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for (i <- Range(1,7); j <- Range(1,7))
  yield (i,j) // want to yield only if there is no such a pair

Is it possible to have access to the list, formed by yield, inside the loop? For example, if I don't want to add duplicates.

P.S. The main question is not how to do it in this particular case. But how to avoid duplicates in more complex case, where I want to check, what was already yielded.

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5 Answers 5

up vote 3 down vote accepted

You cannot access members of an immutable collection being built from within the for comprehension.

First of all, I'm going to modify your example so it actually produces duplicates:

for (i <- Range(1,3); j <- Range(1,3)) yield (i min j, i max j)
//scala.collection.immutable.IndexedSeq[(Int, Int)] = Vector((1,1), (1,2), (1,2), (2,2))

For comprehensions are just syntactic sugar, so here's the equivalent using map and flatMap that produces the exact same result

Range(1,3).flatMap{i => Range(1,3).map{ j => (i min j, i max j)}}

As you can see, you're not actually building a single collection, but rather a collection of collections, and then merging them together as they're created. The inner map is taking each j in the range and mapping it to a pair, then the outer flatMap is mapping each i to a sequence of pairs and merging them together. If I change the flatMap to just map, the result is this:

Range(1,3).map{i => Range(1,3).map{ j => (i min j, i max j)}}
//Vector(Vector((1,1), (1,2)), Vector((1,2), (2,2)))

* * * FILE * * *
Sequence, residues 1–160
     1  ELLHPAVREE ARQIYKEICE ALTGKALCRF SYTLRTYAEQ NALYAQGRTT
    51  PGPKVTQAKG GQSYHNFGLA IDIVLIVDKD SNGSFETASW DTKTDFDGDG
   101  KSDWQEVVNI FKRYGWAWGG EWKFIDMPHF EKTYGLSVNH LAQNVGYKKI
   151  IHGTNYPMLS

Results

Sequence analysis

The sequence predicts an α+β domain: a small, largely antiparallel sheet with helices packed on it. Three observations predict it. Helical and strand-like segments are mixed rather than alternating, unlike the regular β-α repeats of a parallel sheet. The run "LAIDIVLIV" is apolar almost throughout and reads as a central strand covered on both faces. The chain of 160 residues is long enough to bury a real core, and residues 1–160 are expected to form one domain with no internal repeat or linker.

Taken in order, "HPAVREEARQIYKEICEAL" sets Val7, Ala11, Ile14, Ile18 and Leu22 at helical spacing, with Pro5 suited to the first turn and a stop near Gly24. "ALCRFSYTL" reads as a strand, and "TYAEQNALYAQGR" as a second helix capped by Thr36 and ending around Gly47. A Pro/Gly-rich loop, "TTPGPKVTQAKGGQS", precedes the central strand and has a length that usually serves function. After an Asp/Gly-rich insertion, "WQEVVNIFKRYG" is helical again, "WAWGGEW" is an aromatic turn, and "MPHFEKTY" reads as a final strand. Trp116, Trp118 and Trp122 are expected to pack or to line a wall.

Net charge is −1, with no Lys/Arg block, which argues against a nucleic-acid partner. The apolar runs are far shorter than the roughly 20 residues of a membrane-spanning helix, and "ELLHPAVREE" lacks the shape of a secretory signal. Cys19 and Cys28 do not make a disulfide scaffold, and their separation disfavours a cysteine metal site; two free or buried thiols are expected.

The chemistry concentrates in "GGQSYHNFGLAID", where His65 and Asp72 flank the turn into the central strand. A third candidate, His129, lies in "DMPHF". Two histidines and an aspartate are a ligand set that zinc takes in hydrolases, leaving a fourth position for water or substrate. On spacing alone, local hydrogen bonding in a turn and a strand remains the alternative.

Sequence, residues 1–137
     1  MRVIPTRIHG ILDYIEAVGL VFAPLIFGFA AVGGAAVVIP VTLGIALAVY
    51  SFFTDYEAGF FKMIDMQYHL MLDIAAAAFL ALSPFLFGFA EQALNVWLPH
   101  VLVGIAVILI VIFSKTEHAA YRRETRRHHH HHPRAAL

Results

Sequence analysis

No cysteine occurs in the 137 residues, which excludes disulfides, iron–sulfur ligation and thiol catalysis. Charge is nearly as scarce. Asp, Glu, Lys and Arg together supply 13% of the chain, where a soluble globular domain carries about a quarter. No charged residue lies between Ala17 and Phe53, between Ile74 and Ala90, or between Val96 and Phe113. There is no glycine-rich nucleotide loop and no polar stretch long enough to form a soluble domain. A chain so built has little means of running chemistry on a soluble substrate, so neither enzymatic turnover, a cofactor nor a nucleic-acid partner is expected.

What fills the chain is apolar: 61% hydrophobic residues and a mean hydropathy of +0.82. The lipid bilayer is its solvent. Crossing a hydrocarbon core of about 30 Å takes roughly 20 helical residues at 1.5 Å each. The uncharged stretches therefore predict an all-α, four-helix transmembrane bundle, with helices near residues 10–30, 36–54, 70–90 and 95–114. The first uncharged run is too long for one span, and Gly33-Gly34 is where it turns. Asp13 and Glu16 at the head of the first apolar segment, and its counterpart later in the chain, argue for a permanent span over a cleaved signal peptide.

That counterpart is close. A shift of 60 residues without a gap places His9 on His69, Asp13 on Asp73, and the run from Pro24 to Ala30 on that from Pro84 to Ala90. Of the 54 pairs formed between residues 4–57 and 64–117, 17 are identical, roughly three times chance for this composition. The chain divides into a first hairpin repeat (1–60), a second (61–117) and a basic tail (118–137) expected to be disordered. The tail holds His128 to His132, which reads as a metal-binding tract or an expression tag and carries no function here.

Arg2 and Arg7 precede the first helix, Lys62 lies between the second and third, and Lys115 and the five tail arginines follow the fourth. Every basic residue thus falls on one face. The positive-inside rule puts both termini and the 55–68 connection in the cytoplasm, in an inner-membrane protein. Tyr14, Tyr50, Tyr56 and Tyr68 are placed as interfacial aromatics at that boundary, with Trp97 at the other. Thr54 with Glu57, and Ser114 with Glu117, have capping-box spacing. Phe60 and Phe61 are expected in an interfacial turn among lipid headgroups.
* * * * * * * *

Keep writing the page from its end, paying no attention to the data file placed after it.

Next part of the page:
So only after the whole operation is finished can you access the result as a single collection. The result is a Vector which extends IndexedSeq[(Int, Int)], so you can use any of that trait's methods on the result, one of them is distinct:

(for (i <- Range(1,3); j <- Range(1,3)) yield (i min j, i max j)).distinct
//Vector((1,1), (1,2), (2,2))
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Like this

for (i <- Range(1,7); j <- Range(1,7); if i != j ) yield (i,j)

or this

for (i <- Range(1,7); j <- Range(1,7); if i < j ) yield (i,j)

?

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The main question is not how to do it in this particular case. But how to avoid duplicates in more complex case, where I want to check, what was already yielded. –  damluar Jan 14 '12 at 18:22
(for {i <- (1 to 7); j <- (1 to 7)} yield (i,j)).distinct

This would return list of tuples without duplicates.

And no, there is no way to have access to the list inside for loop. That would break the functional programming, after all.

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thanks. can you explain what functions I can apply on yield. If you apply distinct, then yield represents a list? –  damluar Jan 14 '12 at 18:21
    
@damluar I think you misunderstand what "yield" means. See stackoverflow.com/questions/1052476/… –  Dan Burton Jan 14 '12 at 23:36
    
No, I understand it right. I just didnt't notice brackets surrounding for. –  damluar Jan 15 '12 at 0:16

I'm not sure, whether you want to prevent pairs of identic entries, or identic pairs, ignoring which comes first.

In the second case, you might use an ordering, and just add cases where a < b or a <= b:

for (i <- Range(1,6); j <- Range(i+1, 7)) yield (i,j)
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for (i <- Range(1,7); j <- Range( i ,7))
  yield (i,j)
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